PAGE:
Mowing has a major impact on lawn appearance and health yet is often overlooked in terms of importance. If you maintain your own yard, or hire someone to do it, here are a few simple guidelines to assure lawns are being mowed properly.
One very common mistake is mowing lawns too short. For most lawns, a mowing height between 2 1/2 to three inches is suggested; the upper range is best for summer. Piles of clippings and weed invasion indicates a lawn is mowed improperly. Lawns mowed at higher heights have deeper roots, fewer weed problems and look much better.
Mowing too close invites problems such as weed invasions. Simply raising the mowing height can have a major impact on the quality of many home lawns. A height of two inches is fine when grasses are rapidly growing, but the height should be raised as growth slows, stress increases and when the lawn is in shade.
Lawns should be mowed according to the rate of grass growth; remember not to remove more than one-third of the height. Mowing as the lawn needs it is essential. In the spring, this will likely mean more than once a week. It is never advisable to mow when the grass is wet.
Another issue related to mowing is whether clippings should be collected. As long as the lawn is mowed on an as-needed basis and the one-third rule is followed, clippings will readily filter back down into the lawn, and need not to be collected. The clippings readily decompose (they contain 75-80 percent water) and do not cause thatch. Clippings also recycle nutrients, especially nitrogen, so less fertilizer is needed.
The newer mulching mowers create even finer clippings, recycling the nutrients more often as the smaller clippings decay faster. Mulching mowers do not perform at peak efficiency if the lawn is too tall (removing more than one-third of the grass blade) or if the lawn is wet. If you do not use a mulching mower, don’t despair. A study at the University of Illinois showed mulching mowers did not provide any additional benefit over conventional rotary mowers. Cutting the grass at recommended heights and in a timely fashion is more important.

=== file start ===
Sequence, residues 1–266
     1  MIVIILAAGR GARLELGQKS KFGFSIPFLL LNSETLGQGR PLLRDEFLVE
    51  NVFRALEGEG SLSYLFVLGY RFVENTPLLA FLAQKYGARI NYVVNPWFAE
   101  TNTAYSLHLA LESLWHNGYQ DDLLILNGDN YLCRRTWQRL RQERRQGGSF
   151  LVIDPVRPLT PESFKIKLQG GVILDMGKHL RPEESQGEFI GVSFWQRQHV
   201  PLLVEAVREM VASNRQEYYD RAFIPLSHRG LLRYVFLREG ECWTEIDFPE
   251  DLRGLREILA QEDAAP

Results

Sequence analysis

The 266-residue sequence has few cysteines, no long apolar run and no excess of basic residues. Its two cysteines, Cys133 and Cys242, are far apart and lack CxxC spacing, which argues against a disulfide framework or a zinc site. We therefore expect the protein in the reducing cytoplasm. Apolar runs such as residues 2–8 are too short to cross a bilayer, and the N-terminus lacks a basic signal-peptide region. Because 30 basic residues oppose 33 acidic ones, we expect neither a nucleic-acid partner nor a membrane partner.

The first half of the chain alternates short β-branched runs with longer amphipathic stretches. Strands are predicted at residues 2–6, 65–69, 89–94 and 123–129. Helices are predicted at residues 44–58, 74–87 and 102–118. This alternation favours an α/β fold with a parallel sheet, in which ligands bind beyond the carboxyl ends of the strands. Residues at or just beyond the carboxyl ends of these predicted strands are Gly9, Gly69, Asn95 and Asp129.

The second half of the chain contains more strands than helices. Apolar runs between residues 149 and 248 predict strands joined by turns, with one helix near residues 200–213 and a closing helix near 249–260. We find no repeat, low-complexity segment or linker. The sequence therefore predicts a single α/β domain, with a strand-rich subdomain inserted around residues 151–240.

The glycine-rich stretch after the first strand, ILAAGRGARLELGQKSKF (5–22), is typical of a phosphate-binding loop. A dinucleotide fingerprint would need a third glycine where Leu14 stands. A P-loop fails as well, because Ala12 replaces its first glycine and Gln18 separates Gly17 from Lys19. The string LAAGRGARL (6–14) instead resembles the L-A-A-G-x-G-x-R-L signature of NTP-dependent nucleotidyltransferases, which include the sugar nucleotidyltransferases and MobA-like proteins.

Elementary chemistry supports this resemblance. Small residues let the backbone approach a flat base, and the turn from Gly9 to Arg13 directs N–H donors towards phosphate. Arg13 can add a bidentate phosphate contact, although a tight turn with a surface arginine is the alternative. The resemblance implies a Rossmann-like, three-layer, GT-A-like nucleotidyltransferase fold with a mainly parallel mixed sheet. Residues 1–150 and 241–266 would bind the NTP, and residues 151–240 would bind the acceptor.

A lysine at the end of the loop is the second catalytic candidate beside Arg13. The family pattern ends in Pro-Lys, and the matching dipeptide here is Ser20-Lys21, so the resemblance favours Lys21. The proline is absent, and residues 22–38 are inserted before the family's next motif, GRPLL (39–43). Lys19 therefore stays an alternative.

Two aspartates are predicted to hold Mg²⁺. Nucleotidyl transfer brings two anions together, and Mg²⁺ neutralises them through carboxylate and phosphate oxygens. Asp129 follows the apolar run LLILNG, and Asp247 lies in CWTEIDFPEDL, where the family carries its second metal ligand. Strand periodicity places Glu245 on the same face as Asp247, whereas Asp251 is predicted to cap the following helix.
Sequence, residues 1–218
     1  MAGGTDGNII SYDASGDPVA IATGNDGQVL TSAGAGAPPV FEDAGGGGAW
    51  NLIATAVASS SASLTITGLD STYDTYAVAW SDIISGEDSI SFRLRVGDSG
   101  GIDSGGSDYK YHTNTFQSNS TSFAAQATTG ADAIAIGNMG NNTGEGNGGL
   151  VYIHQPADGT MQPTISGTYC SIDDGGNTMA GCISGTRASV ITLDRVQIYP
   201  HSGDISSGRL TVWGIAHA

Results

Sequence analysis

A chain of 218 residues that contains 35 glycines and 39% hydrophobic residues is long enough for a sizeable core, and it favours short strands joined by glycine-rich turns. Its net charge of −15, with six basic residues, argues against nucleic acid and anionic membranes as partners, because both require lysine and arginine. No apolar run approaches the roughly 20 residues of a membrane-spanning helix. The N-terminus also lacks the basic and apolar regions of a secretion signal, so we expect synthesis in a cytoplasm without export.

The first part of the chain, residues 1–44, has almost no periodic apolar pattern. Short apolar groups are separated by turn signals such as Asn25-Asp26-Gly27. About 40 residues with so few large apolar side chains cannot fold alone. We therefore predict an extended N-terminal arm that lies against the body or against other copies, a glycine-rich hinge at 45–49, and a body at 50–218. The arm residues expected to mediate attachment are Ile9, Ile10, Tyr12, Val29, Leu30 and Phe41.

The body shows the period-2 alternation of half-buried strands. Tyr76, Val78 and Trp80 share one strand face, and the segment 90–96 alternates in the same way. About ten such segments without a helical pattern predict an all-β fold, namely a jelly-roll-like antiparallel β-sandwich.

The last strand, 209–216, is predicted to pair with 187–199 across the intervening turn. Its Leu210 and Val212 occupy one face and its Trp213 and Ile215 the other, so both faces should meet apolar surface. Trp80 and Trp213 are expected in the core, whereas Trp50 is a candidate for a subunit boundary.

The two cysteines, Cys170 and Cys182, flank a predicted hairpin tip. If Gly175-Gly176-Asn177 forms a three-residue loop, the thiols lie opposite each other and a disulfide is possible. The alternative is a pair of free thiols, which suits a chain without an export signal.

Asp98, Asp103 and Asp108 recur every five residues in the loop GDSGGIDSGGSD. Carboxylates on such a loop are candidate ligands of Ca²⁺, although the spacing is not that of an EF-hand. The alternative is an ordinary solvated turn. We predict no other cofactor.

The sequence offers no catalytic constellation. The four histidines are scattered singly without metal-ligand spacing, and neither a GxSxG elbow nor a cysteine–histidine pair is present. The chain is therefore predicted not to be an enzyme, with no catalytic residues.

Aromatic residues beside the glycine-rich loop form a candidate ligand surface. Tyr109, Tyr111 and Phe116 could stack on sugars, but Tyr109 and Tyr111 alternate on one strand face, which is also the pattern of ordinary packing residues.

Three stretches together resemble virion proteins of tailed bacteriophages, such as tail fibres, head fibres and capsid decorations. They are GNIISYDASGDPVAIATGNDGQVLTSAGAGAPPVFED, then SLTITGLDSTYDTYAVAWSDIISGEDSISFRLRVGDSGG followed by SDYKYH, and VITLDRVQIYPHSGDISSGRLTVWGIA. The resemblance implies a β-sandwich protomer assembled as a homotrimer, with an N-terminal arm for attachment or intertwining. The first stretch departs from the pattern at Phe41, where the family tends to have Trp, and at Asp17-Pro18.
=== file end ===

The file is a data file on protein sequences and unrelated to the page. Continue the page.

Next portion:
Another critical area often overlooked by homeowners is maintaining a sharp mower blade. A sharp mower blade will cut the grass blade cleanly. This gives the lawn an even appearance and reduces disease from damage caused by a dull mower blade. Mow in the direction that is safest. Periodically change directions if desired, although mowing the same direction each time should not be a problem on taller turf typical of home lawns. The first and last mowing of the year can be slightly shorter, but not so short that you scalp the lawn. Scalping in spring and allowing the grass to remain excessively high at the end of fall encourages weed and disease problems.
If you have other questions about your garden or landscape, feel free to contact a master gardener at the University of Illinois Extension office in Charleston at 217-345-7034. You can also check out the many horticulture webpages at the U of I Extension’s website by visiting http://web.extension.illinois.edu/ccdms/. And be sure to like the Master Gardeners’ new Facebook page, at www.facebook.com/ColesCountyMasterGardeners.